The SAFIC project aimed at enhancing understanding of why some locally-owned firms in Kenya, Tanzania and Zambia perform better than others. In particular, the project examined how different institutions affect firm-level performance. In Zambia, the project mapped and surveyed firms in the food processing and suppliers to the mines sub-sectors from 2012 to 2014. Then it conducted a number of in-depth interviews with selected firms in the two sectors from 2014 to 2016.
The premise of the project is on the understanding that the African business environment is largely unstable and sometimes rapidly changes.
Dr Hampwaye, in a brief that he presented at a workshop in Lusaka last month, said the results from the project show that policies, programmes and institutions play a significant role in enhancing the success of firms as lack of them may adversely affect performance.
“The results from the firms of both sectors [local food agro-processing and local suppliers to the mines sub-sectors] generally indicate that most of them either receive inadequate or no government support at all,” the brief says.
“With reference to government support programmes or schemes, over 70 percent of the respondents of both sectors indicated that they did not know about the existence of such government programmes which could help their firms.”
A few firms mentioned knowing of the Citizens Economic Empowerment Commission (CEEC) which endeavours to make sure that Zambians benefit from economic growth, local content initiatives and certain incentives, especially rebates when importing equipment.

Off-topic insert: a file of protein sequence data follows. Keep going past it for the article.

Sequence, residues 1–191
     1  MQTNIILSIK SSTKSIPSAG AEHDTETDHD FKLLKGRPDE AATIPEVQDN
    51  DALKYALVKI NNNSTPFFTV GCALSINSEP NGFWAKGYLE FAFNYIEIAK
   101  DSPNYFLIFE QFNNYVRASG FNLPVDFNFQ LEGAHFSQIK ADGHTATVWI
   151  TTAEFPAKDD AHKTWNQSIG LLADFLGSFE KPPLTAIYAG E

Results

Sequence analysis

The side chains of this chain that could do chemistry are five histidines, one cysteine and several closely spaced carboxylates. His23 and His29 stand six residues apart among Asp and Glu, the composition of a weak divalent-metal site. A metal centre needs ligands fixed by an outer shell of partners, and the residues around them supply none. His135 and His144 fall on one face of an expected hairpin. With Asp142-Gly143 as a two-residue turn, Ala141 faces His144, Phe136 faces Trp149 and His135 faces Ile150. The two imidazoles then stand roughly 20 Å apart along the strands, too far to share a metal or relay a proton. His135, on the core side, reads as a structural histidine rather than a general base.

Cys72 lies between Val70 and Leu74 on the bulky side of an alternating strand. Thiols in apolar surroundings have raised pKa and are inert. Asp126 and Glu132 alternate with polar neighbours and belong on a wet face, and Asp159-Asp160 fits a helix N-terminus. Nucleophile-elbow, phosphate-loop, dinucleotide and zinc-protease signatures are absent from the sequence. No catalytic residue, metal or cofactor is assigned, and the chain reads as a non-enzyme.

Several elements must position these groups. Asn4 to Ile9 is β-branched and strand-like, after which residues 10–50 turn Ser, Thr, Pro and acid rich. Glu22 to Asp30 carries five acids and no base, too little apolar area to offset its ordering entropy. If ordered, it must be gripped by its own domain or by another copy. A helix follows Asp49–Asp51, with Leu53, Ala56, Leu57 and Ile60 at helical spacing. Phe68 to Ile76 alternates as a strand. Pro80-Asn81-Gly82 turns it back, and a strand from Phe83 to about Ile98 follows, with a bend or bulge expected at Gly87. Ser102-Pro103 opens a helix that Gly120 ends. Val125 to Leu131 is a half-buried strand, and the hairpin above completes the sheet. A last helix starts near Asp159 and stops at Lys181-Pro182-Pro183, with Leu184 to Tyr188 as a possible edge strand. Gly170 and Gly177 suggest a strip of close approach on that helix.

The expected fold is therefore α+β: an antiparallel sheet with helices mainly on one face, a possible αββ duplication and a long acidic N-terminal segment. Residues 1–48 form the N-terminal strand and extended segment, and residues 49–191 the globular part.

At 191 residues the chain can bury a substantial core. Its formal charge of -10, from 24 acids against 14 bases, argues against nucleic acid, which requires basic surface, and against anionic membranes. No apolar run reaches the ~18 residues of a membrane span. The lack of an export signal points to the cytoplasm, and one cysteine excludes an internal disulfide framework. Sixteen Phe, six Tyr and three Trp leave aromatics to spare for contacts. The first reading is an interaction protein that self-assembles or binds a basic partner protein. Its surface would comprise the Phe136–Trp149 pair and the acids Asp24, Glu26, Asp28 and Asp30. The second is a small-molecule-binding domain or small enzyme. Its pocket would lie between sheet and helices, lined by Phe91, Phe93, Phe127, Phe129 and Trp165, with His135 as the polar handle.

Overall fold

Further, a significant number of the same firms reported that the foreign competitors accessed a variety of incentives which disadvantaged the local firms.
“As for membership to the various business associations, generally, the firms were members of the different associations but these were considered weak as more than 75 percent and 50 percent of the agro-processing and suppliers to the mines firms respectively stated that they did not enjoy any benefits from the incentives and policies promised by the associations,” the brief reads.
“In the agro-processing sub-sector, about 42 percent of the firms reported that there were no trade incentives offered, and import tariffs were high as demanded by the Zambia Revenue Authority (ZRA).
“The firms further doubted the capacity of the associations to influence government to make relevant policy changes. However, about 10 percent of the suppliers to the mines confirmed being assisted to obtain certification.”